Here are the 5 Reasons I Quit Posting Branded Content for Free

Boss babes, I get it. You’ve been blogging for a year or two years and you finally received an email from a company asking you to promote their product on your blog and social media. They are going to send you this cool item FOR FREE and all you have to do is post on your blog, post on your social media, like four times, AND let them use your pictures. Seems like a great deal, right? WRONG! We all need to quit posting branded content for free.

I’ve been blogging for almost four years and I finally came to the realization this year that I need to stop posting content for free. For the first three years, I accepted free products in exchange for posts, I got excited every time I received some more swag in the mail. I mean, it’s hard to say no to free stuff! And its SO fun to receive free stuff. But slowly, I realized that accepting free stuff in exchange for blog posts or social post was actually undermining my brand, my business, and my future opportunities for revenue.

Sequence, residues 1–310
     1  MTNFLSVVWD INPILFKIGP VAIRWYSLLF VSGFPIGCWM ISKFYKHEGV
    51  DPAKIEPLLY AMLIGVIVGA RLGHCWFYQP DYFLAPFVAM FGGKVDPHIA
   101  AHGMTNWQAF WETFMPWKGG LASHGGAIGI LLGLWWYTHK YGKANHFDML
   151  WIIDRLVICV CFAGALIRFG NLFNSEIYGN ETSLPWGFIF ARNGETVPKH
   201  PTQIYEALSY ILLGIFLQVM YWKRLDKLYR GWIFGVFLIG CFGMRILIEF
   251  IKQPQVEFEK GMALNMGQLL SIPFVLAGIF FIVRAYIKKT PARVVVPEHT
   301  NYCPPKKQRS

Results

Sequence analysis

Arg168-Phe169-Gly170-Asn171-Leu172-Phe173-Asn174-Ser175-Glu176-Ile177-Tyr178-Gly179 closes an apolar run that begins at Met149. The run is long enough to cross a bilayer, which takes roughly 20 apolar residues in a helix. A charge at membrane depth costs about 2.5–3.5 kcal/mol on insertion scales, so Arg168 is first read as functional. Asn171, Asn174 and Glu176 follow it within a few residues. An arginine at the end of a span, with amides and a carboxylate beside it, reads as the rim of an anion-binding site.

The 5 Reasons I Quit Posting Branded Content for Free

1. My Audience is Valuable

Even if you’re a fairly new blogger, your audience is worth money. Even if you only have 1000 views a month on your blog, or 500 Instagram followers, every one of those people or views translates into an audience that a company can benefit from. As I’ve grown my blog and social media (ever so slowly), I’ve come to realize just how valuable my audience is to other businesses. Brands are constantly looking to reach new audiences, and influences are an authentic way to do that.

2. Blogging is a Legitimate Business

I recently realized that every single time I post content for free, I’m undercutting the value of blogging as a legitimate business and marketing tool. This is a job. Sure, it might have started out as a fun hobby, but blogging CAN be a legitimate business venture, so I’m treating it as such. I know it’s hard to say no, especially when a company is dangling something pretty in front of you. But stay strong! Ask them for what you think you’re worth, and I bet you they will pay it.

3. I’m Worth More than I Thought